hardening from bottom (was: Re: Gum problem(s)

From: Katharine Thayer ^lt;kthayer@pacifier.com>
Date: 11/18/05-10:43:42 AM Z
Message-id: <7A333AC2-5852-11DA-B904-001124D9AC0A@pacifier.com>

On Nov 18, 2005, at 6:27 AM, Christina Z. Anderson wrote:

> BTW, the idea that the dichromate may, in fact, expose the layer at
> the bottom (I wouldn't have a clue if it did or not) probably stems
> from the observation that when you first soak your paper in the water
> face up, all the dichromate leaches out immediately. This only takes
> about a minute to happen, and then you can lift the print out of the
> water and watch the dichromate stream off. The layer is still
> perfectly intact. I have no idea chemically why this is so--the
> chemists of the list can answer that one--but I have observed
> sometimes in coating a paper with magenta that in my brush strokes the
> yellow of the dichromate brushes at the paper base and the pigment
> seems to be on top, so perhaps the dichromate is of a different weight
> or whatever the term is chemists use...mole...blah blah..

This idea seems to suppose that the gum layer exists as a solid slab,
of which the lower part of the slab gets hardened and the upper part
remains soluble and runs off in the water. This picture is inconsistent
with how things actually behave in the world of molecules. In fact,
the colloidal matrix is like a net (is how it was explained to me by a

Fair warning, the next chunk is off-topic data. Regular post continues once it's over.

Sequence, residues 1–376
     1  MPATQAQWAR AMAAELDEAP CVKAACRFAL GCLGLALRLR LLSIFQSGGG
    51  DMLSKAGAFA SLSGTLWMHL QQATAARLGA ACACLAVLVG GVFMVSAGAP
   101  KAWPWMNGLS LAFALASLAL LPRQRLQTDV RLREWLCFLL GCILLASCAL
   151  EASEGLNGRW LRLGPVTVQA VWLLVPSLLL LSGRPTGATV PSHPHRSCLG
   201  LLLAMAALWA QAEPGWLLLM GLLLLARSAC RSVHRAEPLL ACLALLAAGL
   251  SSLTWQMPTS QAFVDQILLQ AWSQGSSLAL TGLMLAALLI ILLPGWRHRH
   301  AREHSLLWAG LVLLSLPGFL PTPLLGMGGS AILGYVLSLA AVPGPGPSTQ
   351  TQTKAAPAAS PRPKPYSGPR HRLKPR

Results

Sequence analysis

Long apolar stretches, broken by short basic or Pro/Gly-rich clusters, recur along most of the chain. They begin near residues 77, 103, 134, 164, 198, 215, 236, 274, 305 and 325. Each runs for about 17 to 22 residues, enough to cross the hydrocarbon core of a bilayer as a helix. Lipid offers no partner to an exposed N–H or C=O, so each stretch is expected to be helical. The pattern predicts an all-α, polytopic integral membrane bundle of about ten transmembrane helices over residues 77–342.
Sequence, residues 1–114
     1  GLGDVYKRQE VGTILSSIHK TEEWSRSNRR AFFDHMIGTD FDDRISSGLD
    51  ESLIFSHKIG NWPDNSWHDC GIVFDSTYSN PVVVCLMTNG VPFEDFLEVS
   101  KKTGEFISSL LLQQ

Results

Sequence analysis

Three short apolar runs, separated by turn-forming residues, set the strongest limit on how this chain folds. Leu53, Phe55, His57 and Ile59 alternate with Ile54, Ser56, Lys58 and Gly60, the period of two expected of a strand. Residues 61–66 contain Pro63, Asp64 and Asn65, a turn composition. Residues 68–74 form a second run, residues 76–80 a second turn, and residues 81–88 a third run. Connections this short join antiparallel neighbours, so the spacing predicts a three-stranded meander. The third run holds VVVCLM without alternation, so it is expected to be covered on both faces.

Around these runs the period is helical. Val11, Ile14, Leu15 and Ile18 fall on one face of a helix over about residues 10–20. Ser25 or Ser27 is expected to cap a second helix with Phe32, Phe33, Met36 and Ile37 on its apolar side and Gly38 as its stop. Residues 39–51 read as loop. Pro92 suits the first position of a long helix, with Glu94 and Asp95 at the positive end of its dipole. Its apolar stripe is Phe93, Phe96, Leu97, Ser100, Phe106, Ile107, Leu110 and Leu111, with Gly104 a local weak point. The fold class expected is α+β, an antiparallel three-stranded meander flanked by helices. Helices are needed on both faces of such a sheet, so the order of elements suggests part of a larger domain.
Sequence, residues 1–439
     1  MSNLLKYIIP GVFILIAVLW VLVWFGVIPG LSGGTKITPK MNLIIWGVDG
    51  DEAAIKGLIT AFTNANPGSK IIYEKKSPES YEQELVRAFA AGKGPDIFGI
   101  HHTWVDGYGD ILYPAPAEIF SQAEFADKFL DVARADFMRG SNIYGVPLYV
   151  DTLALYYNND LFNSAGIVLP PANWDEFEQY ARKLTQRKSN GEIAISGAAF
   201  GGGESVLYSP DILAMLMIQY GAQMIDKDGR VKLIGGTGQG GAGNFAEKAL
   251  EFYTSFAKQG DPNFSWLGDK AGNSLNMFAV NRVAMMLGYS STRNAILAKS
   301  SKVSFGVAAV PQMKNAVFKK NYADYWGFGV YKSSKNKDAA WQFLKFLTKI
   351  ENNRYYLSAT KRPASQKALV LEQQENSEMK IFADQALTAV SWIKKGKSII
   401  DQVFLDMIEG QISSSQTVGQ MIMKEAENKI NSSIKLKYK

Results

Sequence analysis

physical chemist) and the dichromate ions can easily slip through the
net, so unreacted dichromate can easily come out from within and from
below a layer of hardened gum. So the fact that the unreacted
dichromate runs off easily doesn't say anything one way or the other
about where hardening occurs.

No, the argument goes that while top-down hardening proceeds according
to the Beer-Lambert law in carbon printing tissues, the same law
doesn't apply to gum, because the dichromate ions are strongly absorbed
to the paper, therefore there is probably a higher concentration of
dichromate ions at the paper surface than higher in the emulsion.
This is all theoretical, but the person (who will remain nameless
since it was a private conversation) offered, as indirect support of
the theory, the "fact" that unreacted dichromate is very difficult to
remove from paper. Since most gum printers (the personage is not a gum
printer) know, as Chris observed, that unreacted dichromate runs out of
paper easily, that's another reason to question this theory. But as I
said, without some kind of sophisticated analysis, we'll never know for
sure where the hardening occurs. I personally think of it as an open
field where light packets encounter dichromate ions sort of at random,
at different depths, so that the hardening is occurring randomly at
various depths at the same time. I've been told that this too is a
wrong idea. But like I said, nobody really knows how it is.
Received on Fri Nov 18 10:44:49 2005

This archive was generated by hypermail 2.1.8 : 12/01/05-02:04:50 PM Z CST